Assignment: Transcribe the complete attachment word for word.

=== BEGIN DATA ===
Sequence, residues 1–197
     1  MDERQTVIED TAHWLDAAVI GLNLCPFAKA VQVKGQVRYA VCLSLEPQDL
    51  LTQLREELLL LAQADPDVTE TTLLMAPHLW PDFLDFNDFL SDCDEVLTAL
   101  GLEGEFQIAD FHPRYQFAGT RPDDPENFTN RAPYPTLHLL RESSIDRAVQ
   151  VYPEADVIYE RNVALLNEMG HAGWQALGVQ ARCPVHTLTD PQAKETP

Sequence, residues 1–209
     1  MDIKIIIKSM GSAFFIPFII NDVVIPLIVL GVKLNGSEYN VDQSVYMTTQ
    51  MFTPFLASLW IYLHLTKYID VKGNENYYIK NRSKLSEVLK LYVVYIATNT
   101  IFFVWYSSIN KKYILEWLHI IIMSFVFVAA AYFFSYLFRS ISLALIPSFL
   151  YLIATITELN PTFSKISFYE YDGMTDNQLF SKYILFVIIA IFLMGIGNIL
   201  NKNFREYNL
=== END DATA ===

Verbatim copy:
Sequence, residues 1–197
     1  MDERQTVIED TAHWLDAAVI GLNLCPFAKA VQVKGQVRYA VCLSLEPQDL
    51  LTQLREELLL LAQADPDVTE TTLLMAPHLW PDFLDFNDFL SDCDEVLTAL
   101  GLEGEFQIAD FHPRYQFAGT RPDDPENFTN RAPYPTLHLL RESSIDRAVQ
   151  VYPEADVIYE RNVALLNEMG HAGWQALGVQ ARCPVHTLTD PQAKETP

Sequence, residues 1–209
     1  MDIKIIIKSM GSAFFIPFII NDVVIPLIVL GVKLNGSEYN VDQSVYMTTQ
    51  MFTPFLASLW IYLHLTKYID VKGNENYYIK NRSKLSEVLK LYVVYIATNT
   101  IFFVWYSSIN KKYILEWLHI IIMSFVFVAA AYFFSYLFRS ISLALIPSFL
   151  YLIATITELN PTFSKISFYE YDGMTDNQLF SKYILFVIIA IFLMGIGNIL
   201  NKNFREYNL